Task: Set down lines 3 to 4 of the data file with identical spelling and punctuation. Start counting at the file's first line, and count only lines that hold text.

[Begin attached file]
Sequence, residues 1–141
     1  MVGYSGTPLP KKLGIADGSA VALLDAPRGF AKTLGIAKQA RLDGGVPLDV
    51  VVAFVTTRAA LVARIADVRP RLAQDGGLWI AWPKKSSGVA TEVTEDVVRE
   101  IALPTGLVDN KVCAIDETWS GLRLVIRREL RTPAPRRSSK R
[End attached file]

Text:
    51  VVAFVTTRAA LVARIADVRP RLAQDGGLWI AWPKKSSGVA TEVTEDVVRE
   101  IALPTGLVDN KVCAIDETWS GLRLVIRREL RTPAPRRSSK R